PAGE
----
SAD 1 going to all-day kindergarten

8 years ago

SAD 1 going to all-day kindergarten

Youngsters in greater Presque Isle’s school district will soon be able to attend all-day kindergarten, as School Administrative District 1 joins a growing movement aimed at closing gaps in literacy and overall student success.

Starting this fall, for the 2017 fiscal year, SAD 1 will have all-day kindergarten, after the school board voted unanimously to approve a recommendation by the superintendent.
“There’s really no drawback from this other than the cost,” said superintendent Brian Carpenter said, outlining his case for why SAD 1 should join most of the rest of Aroostook County in offering all-day kindergarten.
Research over the last 30 years has shown that all-day kindergarten contributes to better reading and social skills, fewer repeats of grades, and overall long-term life success, particularly for children from lower-income backgrounds, Carpenter said.
He added that in some ways, a lot of SAD 1 kindergarten students are already in a day-long program, between half-day kindergarten plus the day care or other after school activities parents arrange.
There are some concerns about how younger children fare in all-day programs, and whether the environment is too rigid for the natural rambunctiousness of five-year-olds. School board member Terry Sandusky said that issue came up at a recent Mapleton select board meeting.
Carpenter said all-day kindergarten doesn’t have to rush students into a too-structured academic environment, and that it will still incorporate ample activities aimed at socialization, creativity and free play.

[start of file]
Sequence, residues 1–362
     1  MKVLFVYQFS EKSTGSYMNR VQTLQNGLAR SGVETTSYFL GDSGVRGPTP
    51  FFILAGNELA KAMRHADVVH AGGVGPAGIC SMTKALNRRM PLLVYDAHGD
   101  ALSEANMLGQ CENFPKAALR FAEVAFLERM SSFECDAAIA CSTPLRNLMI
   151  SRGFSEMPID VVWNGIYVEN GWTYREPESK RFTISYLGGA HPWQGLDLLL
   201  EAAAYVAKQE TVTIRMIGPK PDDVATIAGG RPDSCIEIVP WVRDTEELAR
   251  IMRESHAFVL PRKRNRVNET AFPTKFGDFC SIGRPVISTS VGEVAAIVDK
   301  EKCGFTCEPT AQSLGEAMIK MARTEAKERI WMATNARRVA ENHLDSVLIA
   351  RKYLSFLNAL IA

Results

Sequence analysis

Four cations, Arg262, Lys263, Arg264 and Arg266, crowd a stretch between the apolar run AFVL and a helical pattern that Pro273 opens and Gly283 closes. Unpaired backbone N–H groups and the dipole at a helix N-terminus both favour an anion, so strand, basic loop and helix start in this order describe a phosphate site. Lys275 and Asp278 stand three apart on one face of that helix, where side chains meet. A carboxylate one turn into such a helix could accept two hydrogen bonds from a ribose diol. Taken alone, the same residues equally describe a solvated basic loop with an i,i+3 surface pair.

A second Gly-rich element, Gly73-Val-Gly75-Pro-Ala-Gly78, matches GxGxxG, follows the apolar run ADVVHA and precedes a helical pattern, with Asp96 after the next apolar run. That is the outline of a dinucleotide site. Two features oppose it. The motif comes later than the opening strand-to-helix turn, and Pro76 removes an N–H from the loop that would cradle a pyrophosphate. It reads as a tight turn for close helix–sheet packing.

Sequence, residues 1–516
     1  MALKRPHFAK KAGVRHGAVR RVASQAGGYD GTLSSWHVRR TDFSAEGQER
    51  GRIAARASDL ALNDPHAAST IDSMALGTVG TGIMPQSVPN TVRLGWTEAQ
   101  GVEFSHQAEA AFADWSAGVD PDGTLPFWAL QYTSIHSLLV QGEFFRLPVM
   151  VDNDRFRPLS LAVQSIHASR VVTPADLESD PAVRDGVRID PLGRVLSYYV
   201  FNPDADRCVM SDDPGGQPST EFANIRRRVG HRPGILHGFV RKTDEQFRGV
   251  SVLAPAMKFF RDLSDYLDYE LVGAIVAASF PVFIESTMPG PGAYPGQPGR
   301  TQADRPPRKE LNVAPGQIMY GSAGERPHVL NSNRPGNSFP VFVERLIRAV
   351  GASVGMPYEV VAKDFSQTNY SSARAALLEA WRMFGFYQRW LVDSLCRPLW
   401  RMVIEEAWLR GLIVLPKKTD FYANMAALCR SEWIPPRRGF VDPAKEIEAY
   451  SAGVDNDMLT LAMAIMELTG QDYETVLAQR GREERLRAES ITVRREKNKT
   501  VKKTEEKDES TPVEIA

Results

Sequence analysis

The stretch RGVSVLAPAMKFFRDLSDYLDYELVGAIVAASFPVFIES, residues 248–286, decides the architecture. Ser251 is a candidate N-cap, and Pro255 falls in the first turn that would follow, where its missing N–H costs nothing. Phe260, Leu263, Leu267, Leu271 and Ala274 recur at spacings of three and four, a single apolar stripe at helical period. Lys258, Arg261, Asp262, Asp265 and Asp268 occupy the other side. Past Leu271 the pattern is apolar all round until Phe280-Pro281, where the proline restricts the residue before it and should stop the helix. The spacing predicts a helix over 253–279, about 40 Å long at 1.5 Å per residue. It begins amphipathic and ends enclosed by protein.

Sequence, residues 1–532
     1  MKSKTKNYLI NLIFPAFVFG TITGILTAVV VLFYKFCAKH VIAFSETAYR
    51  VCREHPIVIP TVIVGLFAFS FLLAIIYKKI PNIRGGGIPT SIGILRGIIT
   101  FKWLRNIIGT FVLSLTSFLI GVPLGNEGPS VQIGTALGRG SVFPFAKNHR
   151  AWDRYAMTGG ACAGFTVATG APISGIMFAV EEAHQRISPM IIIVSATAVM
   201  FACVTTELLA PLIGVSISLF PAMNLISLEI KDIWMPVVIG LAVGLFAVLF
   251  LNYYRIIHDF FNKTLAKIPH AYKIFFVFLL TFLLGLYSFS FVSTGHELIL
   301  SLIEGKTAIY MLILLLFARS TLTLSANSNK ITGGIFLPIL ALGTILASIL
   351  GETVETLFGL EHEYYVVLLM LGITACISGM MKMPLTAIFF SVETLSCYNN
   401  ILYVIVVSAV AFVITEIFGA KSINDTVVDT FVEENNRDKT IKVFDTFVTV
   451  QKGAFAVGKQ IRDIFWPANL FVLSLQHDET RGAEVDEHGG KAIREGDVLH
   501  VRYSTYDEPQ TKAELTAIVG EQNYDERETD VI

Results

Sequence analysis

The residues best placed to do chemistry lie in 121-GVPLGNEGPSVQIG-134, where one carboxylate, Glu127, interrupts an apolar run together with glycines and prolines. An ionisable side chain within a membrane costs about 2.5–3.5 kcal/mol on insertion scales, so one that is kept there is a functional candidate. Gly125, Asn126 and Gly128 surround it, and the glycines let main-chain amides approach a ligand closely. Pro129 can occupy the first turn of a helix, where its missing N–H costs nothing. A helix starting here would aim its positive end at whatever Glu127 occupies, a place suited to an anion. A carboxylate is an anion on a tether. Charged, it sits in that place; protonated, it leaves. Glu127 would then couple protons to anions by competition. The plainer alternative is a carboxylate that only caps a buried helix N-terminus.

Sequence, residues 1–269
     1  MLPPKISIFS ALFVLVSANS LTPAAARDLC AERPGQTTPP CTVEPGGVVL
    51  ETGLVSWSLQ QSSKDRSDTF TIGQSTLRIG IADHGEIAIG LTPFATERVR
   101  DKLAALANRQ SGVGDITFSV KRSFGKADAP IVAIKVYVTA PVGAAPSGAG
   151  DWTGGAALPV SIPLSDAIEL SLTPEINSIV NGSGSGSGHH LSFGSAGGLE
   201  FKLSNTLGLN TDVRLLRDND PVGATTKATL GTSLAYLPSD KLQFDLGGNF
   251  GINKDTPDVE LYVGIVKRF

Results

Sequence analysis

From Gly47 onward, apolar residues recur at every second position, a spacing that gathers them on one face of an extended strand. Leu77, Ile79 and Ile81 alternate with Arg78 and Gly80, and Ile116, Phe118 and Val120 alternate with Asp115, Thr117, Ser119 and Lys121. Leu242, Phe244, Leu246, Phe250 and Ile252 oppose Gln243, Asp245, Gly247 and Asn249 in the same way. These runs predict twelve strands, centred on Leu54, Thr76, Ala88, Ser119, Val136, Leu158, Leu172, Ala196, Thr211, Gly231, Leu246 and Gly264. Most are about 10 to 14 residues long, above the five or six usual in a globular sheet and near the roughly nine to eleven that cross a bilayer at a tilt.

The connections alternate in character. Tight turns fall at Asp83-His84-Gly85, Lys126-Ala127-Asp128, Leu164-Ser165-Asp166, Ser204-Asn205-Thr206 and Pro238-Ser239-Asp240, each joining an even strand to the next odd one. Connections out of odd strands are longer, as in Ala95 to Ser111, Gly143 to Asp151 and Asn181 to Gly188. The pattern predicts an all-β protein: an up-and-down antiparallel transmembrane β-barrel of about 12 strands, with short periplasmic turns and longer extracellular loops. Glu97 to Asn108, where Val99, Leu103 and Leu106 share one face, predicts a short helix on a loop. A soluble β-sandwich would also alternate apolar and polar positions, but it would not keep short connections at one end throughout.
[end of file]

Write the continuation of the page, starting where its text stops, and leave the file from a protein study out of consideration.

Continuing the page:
At the same time, Carpenter said, the district should still expect to be able to measure progress from going to all-day kindergarten and anticipate raising the bar over the long-term.
“This is step one,” he said. “The next step is at every grade after K, we have to improve the curriculum as a snowball effect. The kids are going to get more than they get now. They’ll be better prepared, better readers and writers and mathematicians.”
All-day kindergarten will come with new spending. New teachers — three in Presque Isle and one in Mapleton — will require an estimated $258,000, along with $82,000 for two education technicians. About $11, 000 in new construction would also be required, along with some $25,000 in furniture, and $35,600 in new curriculum.
Altogether, the new costs would total about $414,000, but the administration estimates there will be some savings that bring that total down. Currently, there are 16 buses on the road at noon transporting pre-K and kindergarten students. Carpenter said they believe they can cut those down to eight buses, which would save more than $90,000 in transportation costs.
With the savings in transportation, plus some federal funding, the new annual costs will mostly be in the he teachers’ salaries and total around $275,000, said board member Paul Saija.
“In my opinion, the education advantage that this would give our students works pretty well,” Saija said.
Now the administration and board have to figure out a facilities plan. “One possible solution is to move pre-K to Zippel,” Carpenter said. “We already have two classrooms there that are pre-K designed. The other class would move to the OTC building. Another option would be to put pre-K, K and 1 at Pine, and move 2-5 over to Zippel.”
In other school news, the board is holding a forum for farmers, families and other members of the public to weigh in on the future of the harvest break, on Wednesday, Jan. 27, at 6 p.m. at the Presque Isle High School cafeteria.
A building and grounds committee is also in the process of finalizing recommendations for a five-year plan, which are expected to be released in March or April.
The next SAD 1 board meeting is Wednesday, Feb. 10, 2016 at Pine Street Elementary School.